Xerox’s Parc centre signs multi-year research deal with Fujitsu

Palo Alto Research Centre (Parc), the Xerox institution that pioneered graphical user interfaces, Ethernet and laser printing, is...

Palo Alto Research Centre (Parc), the Xerox institution that pioneered graphical user interfaces, Ethernet and laser printing, is to announce a multi-year research and development agreement with Fujitsu.

The companies will develop technologies for "ubiquitous computing," the concept of having computing devices everywhere and providing easy, natural ways for people to interact with them, said Teresa Lunt, manager of the computer science lab at Parc.

Initial work will involve networks of healthcare sensors that can gather information about a patient's condition at home and send it to a doctor, as well as other types of sensor networks, Lunt said.

The deal is Parc's first such commercialisation agreement since Xerox spun off the centre as an independent subsidiary in 2002, Lunt said. The deal is a sponsored research arrangement with an initial research plan for three years beginning in January 2005.
"We are doing research for Fujitsu, but each company shares in the ownership of that research," Lunt said. The financial terms of the deal were not disclosed.

"Because we are not a product company, we need a partner like Fujitsu who can deliver our products into the marketplace," Lunt said. Parc is teaming up with Fujitsu because the Tokyo-based IT and communications giant is in the early stages of working on ubiquitous computing technology, she said. Most of the research will be done at the Palo Alto facility, with close co-ordination with Fujitsu to adapt the technologies to products.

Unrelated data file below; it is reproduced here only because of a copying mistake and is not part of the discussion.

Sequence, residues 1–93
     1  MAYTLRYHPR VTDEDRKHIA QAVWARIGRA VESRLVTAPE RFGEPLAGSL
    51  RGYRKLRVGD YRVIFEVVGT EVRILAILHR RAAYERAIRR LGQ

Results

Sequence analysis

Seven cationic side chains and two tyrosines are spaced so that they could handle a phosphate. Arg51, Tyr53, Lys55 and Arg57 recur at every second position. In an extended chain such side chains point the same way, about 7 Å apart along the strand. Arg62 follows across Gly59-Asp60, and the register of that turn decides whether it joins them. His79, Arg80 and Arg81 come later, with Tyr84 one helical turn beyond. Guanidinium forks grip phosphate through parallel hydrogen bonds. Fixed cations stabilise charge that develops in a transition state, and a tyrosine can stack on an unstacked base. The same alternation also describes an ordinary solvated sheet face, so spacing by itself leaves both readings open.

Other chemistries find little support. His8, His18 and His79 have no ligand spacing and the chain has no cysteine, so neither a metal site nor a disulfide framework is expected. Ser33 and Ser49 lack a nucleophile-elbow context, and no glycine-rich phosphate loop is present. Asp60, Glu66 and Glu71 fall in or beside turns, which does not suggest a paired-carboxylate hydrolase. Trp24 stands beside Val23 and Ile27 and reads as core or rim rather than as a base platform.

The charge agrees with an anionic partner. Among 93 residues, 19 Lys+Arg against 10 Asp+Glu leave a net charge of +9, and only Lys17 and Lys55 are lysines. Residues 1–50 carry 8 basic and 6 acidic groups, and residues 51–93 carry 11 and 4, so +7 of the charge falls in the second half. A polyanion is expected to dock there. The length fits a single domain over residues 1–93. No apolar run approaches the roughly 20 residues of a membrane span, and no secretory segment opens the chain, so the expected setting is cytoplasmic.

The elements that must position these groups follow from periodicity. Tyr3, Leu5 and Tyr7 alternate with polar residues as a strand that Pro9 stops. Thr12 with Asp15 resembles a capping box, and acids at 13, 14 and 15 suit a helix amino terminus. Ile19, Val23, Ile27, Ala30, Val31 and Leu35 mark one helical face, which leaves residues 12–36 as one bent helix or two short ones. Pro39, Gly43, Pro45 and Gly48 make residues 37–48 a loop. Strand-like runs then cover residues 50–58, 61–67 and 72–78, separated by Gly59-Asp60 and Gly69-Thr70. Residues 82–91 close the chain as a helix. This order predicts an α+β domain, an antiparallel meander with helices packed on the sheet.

Parc was founded in 1970 as an internal research lab of Xerox, but developed many basic technologies that found their way into other companies' products, forming the foundations of modern computing. In 2002 Xerox spun it off as an independent subsidiary.
Parc and Fujitsu envision doctors giving their patients sensor devices to wear or place in their homes that will link up to a home wireless communication network with little user involvement. One device worn by the patient might hold authentication credentials that other healthcare providers could use to get access to records when the patient visits them, Lunt said.

In developing these implementations, Parc expects to make use of new secure wireless technologies, advanced information visualisation technologies that take users beyond LCD screens and keyboards, and a software architecture called Obje for interoperability among consumer electronics devices. Obje can help devices work together without product developers having to build in interoperability with specific types of future products.

"It allows one device to teach another device how to interoperate with it," Lunt said.

Other problems that the project may try to solve include vehicle tracking, more personalised consumer services and better disaster response through adaptive networks, according to Parc

Stephen Lawson writes for IDG News Service


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